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  • Kyle Chua

You Can Now Use Singapore's PayNow in India and Thailand

Sending remittances from Singapore to India or vice versa is now faster and more accessible, with the two countries connecting their digital payments infrastructures.

Credit: Monetary Authority of Singapore Twitter

The initiative, announced on Tuesday, 21 February, connects India's Unified Payments Interface (UPI) and Singapore's PayNow facility to facilitate cross-border retail payments and money transfers. That means, if you have loved ones in India, you can now send them money using the PayNow service.


"This will enable people from both the countries to immediately and at low-cost transfer funds (by) just using their mobile phones," said Indian Prime Minister Narendra Modi, highlighting how it helps migrant workers, professionals and the families of students.


"The UPI-PayNow linkage will grow in utility and will contribute more in facilitating trade," Singapore Prime Minister Lee Hsien Loong, meanwhile, said.


The initiative is seen as a major milestone as it's reportedly the world’s first real-time payment systems linkage to leverage a scalable cloud-based infrastructure, allowing it to accommodate a higher volume of remittance traffic in the future.

Credit: Monetary Authority of Singapore Twitter

"The PayNow-UPI linkage is the result of extensive collaboration between the Monetary Authority of Singapore (MAS), Reserve Bank of India (RBI), both countries’ payment system operators, payment scheme owners and participating banks and non-bank financial institutions," said MAS.


In Singapore, customers of DBS and fintech company Liquid Group can expect the service to become available in phases. Right now, only selected DBS customers can transfer funds of up to S$200 per transaction, capped at S$500 per day. However, by 31 March, the service shall be available to all DBS customers with transfers of up to S$1,000.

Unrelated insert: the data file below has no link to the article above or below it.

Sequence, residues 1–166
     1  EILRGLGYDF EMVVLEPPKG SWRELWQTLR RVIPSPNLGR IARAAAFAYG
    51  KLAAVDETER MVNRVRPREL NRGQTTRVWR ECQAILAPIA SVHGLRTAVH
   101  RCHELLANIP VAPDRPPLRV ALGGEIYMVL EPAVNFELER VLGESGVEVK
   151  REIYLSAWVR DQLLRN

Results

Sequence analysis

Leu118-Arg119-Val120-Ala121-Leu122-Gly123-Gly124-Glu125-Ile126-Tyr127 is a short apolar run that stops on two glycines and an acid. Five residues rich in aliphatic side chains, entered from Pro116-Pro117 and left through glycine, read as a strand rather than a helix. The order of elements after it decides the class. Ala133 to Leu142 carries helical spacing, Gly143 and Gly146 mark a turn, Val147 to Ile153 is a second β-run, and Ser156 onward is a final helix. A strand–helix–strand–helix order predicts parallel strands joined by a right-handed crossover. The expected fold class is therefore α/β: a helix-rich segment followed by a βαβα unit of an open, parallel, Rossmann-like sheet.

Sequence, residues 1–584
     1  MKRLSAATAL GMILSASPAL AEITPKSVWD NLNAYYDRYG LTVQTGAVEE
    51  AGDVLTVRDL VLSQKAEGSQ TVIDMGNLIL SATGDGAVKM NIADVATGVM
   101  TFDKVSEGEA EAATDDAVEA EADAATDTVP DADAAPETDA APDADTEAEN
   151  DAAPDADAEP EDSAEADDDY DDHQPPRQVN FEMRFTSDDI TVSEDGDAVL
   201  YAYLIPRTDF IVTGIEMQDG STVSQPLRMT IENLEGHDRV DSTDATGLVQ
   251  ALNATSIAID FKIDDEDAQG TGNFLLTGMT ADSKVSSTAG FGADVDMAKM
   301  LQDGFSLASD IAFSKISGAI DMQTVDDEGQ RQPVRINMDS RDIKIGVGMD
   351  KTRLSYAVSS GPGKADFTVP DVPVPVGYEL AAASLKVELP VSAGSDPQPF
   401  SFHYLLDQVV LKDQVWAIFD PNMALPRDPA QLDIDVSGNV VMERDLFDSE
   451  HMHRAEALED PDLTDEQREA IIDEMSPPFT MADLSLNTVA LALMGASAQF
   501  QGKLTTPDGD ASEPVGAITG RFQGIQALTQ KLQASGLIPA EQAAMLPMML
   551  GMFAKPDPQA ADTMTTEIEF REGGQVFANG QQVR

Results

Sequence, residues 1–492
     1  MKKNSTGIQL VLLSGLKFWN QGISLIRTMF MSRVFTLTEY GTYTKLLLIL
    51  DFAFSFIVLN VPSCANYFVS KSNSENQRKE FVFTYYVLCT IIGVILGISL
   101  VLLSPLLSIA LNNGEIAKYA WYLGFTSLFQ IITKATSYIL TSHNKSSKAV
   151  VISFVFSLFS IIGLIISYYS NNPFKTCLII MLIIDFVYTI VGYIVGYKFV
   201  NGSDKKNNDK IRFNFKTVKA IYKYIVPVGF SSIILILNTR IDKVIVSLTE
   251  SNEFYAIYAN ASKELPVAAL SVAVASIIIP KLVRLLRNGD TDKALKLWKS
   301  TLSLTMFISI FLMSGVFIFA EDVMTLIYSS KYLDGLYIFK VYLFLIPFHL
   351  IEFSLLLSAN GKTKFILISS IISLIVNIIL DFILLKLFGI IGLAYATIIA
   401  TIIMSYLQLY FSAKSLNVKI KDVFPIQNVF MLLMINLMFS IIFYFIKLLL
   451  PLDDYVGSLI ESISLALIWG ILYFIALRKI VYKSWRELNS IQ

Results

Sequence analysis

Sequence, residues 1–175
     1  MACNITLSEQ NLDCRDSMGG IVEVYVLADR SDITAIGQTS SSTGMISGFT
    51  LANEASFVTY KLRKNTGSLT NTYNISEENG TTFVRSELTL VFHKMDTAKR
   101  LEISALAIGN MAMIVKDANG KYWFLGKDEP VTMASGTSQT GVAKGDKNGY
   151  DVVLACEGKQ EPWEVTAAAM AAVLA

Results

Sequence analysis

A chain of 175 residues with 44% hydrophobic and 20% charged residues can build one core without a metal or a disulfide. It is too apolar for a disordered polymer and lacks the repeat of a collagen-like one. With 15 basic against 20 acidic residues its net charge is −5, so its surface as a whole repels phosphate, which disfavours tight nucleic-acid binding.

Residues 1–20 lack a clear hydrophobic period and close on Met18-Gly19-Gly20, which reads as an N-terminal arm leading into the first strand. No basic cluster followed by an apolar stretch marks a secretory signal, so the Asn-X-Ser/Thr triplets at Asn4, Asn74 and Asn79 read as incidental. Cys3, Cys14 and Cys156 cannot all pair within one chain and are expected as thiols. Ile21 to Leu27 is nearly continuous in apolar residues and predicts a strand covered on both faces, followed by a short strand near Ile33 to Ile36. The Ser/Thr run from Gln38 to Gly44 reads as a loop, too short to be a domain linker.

In India, meanwhile, State Bank of India, Indian Overseas Bank, Indian Bank and ICICI Bank are handling inward and outward remittances, while Axis Bank and DBS India are handling inward remittances. Up to 60,000 Indian rupees can be remitted for a start.


Previously, Singapore worked with Thailand on a similar initiative, linking the countries' two payment systems – the former's PayNow and the latter's PromptPay – to facilitate a new remittance solution. The Southeast Asian city state is now working on linking up with Malaysia.

 
  • Singapore and India have announced an initiative that connects the former's PayNow facility to the latter's Unified Payments Interface (UPI) to facilitate cross-border retail payments and money transfers.

  • "This will enable people from both the countries to immediately and at low-cost transfer funds (by) just using their mobile phones," said Indian Prime Minister Narendra Modi.

  • "The UPI-PayNow linkage will grow in utility and will contribute more in facilitating trade," Singapore Prime Minister Lee Hsien Loong, meanwhile, said.


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